Yet the mood of public discourse is four-alarm panic. A recent CBS News/New York Times poll showed "Americans' views on the economy and the general state of the country have hit an all-time low," with 81% saying the nation is on the "wrong track" – the worst-ever number for this barometer. Some 78% told pollsters the U.S. is worse off today than five years ago, the highest percentage to say this since the CBS News/New York Times survey began tracking the question in 1986. Watch any news channel, listen to any political debate, read any pundit. The consensus is we're headed to hell in a handbasket.
The relentlessly negative impressions of American life presented by the media, including the entertainment media, explain something otherwise puzzling that shows up in psychological data. When asked about the country's economy, schools, health care or community spirit, Americans tell pollsters the situation is dreadful. But when asked about their own jobs, schools, doctors and communities, people tell pollsters the situation is good. Our impressions of ourselves and our neighbors come from personal experience. Our impressions of the nation as a whole come from the media and from political blather, which both exaggerate the negative."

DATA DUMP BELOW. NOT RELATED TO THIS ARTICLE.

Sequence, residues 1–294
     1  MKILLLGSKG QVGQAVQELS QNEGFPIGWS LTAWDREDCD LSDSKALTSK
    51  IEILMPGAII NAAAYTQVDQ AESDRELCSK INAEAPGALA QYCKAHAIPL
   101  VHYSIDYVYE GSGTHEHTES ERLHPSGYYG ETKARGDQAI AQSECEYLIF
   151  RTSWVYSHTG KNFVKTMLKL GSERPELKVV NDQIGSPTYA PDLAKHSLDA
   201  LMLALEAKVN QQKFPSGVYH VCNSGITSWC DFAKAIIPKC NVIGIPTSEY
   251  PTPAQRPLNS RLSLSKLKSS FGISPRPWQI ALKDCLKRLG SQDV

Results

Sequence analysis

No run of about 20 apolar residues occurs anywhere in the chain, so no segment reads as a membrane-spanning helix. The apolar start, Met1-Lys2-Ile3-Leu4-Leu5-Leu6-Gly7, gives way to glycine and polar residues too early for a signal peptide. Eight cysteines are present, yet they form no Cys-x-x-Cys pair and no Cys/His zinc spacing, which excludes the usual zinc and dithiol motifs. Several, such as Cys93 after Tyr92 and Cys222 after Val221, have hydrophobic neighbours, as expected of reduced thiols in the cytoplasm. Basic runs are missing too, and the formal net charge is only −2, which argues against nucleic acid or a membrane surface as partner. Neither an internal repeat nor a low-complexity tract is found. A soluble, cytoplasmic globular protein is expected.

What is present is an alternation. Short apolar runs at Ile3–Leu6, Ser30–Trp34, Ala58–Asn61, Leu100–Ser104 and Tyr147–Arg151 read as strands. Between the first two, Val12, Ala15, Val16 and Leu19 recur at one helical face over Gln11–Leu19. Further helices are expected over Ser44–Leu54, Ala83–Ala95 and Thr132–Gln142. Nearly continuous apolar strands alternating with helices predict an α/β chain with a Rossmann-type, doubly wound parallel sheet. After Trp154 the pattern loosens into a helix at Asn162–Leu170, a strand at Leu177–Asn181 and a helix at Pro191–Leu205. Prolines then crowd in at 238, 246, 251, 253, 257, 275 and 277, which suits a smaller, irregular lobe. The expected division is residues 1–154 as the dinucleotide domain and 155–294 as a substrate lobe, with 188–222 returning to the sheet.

Ironically, Easterbrook gives voice to just the sort of cherry-picked "evidence" that characterizes MSM cheerleaders--making him a leading cheerleader. Before we pick up a set of bright gold pom-poms and join Easterbrook in the MSM line screaming, "Yea, home team! Everything's great!" let's consider a few points:
Junk science is always based on cherry-picked evidence which has carefully been selected or edited to support a pre-selected, heavily biased "truth". Is Easterbrook right and doom-and-gloomers have cherry-picked all the "bad things" to support their point of view, or is he the one doing the cherry-picking?